Keith R. DeVries papers
Held at: University of Pennsylvania: Penn Museum Archives [Contact Us]3260 South Street, Philadelphia, Pennsylvania, 19104-6324
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Keith Robert DeVries was born in Grand Rapids, Michigan, and after graduating from the University of Michigan in 1958 with a degree in English, worked in publishing in New York and Rome for several years. In 1965, he began graduate study in classical archaeology at the University of Pennsylvania where he received his Ph.D. in 1970. During this period he was active in excavations at Ischia (1966-1967) and at Corinth (1968), where he was a regular member (John Williams White Fellow) at the American School of Classical Studies at Athens. The following year he held the Edward Capps fellowship as an associate member. In 1969, he began teaching at Penn, where he offered courses in Anatolian archaeology and in Greek archaeology from the Bronze Age through the classical period.
It was Gordion, the Phrygian capital of King Midas in central Anatolia, that became his life's work. He first went to Gordion in 1971, where he worked under Rodney S. Young, director of excavations since 1950, and was thereafter a staff member of the excavation for more than thirty years. He served as director, following the death of Rodney Young, in 1974–1975, and then between 1977 and 1987. He wrote a series of significant articles which clarified the historical sequence of the site, in addition to his studies of the imported Greek pottery. Most recently, and up until the time of his death, he worked on the implications of the radical revision of the Gordion chronology, which now places the destruction of the Early Phrygian capital at c. 800 B.C.—a century earlier than previously thought. His analysis of both the archaeological record and the literary sources was crucial to this new understanding of the Gordion chronology.
DeVries' dissertation was on Boeotian incised fibulae, and he published several articles on these decorated bronze pins. His careful study of Corinthian Geometric pottery led him ultimately to propose a chronological adjustment for the initial Greek colonization in the central Mediterranean; this important paper appeared in the Corinth Centennial volume. He also published several articles on the assemblage of Greek pottery from Phrygian Gordion. His "Greek Pottery and Gordion Chronology," appeared in The Archaeology of Midas and the Phrygians: Recent Work at Gordion (2005). He was interested in the interactions between the Greeks and the peoples of Asia Minor, and this was reflected in his article, "The Nearly Other," which examined the depictions of Phrygians and Lydians in Attic vase-painting.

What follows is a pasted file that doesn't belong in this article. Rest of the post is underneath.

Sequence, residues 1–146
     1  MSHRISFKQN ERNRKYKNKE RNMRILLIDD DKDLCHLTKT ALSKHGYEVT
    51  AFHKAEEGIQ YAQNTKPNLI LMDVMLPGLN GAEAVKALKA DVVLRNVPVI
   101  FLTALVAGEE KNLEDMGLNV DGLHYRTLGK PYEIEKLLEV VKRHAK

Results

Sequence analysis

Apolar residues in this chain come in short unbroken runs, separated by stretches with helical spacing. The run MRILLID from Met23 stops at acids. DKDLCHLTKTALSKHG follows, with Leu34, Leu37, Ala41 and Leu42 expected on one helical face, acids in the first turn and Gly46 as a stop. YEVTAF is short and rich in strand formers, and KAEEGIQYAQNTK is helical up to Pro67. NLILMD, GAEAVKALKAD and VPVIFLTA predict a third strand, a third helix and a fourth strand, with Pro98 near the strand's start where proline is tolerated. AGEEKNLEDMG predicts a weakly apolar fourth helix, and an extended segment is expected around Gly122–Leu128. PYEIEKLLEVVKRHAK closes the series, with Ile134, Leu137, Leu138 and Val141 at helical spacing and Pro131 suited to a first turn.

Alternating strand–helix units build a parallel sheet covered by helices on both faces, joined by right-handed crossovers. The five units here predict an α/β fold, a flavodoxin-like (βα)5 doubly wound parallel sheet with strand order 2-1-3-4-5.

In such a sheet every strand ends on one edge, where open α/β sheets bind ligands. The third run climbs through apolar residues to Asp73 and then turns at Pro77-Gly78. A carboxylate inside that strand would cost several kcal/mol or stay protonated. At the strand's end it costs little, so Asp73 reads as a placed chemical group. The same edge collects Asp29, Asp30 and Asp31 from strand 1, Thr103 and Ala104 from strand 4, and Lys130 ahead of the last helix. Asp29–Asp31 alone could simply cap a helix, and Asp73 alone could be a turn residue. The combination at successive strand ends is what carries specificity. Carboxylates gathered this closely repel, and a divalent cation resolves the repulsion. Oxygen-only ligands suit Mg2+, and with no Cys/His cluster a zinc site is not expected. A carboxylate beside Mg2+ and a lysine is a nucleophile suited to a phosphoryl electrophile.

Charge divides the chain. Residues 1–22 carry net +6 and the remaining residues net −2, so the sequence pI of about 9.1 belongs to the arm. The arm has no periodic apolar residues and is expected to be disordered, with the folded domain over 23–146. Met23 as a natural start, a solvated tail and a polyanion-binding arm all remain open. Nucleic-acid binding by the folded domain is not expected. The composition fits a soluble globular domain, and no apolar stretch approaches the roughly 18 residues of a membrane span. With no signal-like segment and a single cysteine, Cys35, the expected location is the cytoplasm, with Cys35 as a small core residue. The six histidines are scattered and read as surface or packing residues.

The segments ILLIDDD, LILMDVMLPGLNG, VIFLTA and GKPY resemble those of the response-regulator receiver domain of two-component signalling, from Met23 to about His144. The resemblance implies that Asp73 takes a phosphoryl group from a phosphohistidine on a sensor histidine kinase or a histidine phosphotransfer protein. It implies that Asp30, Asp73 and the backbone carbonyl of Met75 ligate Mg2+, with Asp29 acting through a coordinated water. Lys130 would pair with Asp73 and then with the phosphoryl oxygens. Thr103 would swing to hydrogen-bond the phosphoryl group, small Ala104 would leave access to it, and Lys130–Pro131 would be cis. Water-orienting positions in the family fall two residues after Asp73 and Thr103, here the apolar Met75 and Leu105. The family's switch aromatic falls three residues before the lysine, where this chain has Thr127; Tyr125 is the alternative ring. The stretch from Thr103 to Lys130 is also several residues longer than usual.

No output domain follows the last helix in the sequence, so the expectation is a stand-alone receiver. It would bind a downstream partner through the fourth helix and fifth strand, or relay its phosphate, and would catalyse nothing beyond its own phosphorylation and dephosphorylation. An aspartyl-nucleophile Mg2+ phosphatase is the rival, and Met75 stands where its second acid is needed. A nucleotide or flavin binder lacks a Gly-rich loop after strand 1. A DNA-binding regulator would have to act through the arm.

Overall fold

Beginning in the 1980s, he worked for a number of years on a manuscript, "Homosexuality and the Athenian Democracy," which included a comprehensive catalogue of homosexual “courting scenes” in Greek vase-painting as well as a very complete list of kalos inscriptions. His study of the images showed, for example, that the largest number of such scenes appears in the years immediately following the establishment of the Athenian democracy, and therefore contemporary vase-painting provided no evidence of the newly established democracy's hostility to pederasty. Although the book was never completed, DeVries shared his manuscript with other scholars, and it played an important role in framing the discussion about these issues. His catalogue, which serves as reminder of Keith's insistence that the full range of the visual evidence had to be considered, has since been published in abridged form in Andrew Lear and Eva Cantarella's Images of Ancient Greek Pederasty (2008).
Several other publications reflect his research on homosexuality and its representation in Greek art. An important article considered anew the representations of the eromenoi in Greek vase-painting, while in another he identified six of the so-called eponymous heroes on the Parthenon frieze as male couples.
He was a consultant for the 1994 reinstallation of the Greek Gallery at the University of Pennsylvania Museum, and he also served as co-director of the Museum's Corpus Vasorum Antiquorum project. A longtime member of the Archaeological Institute of America, he also served on the Managing Committee of the American School of Classical Studies at Athens.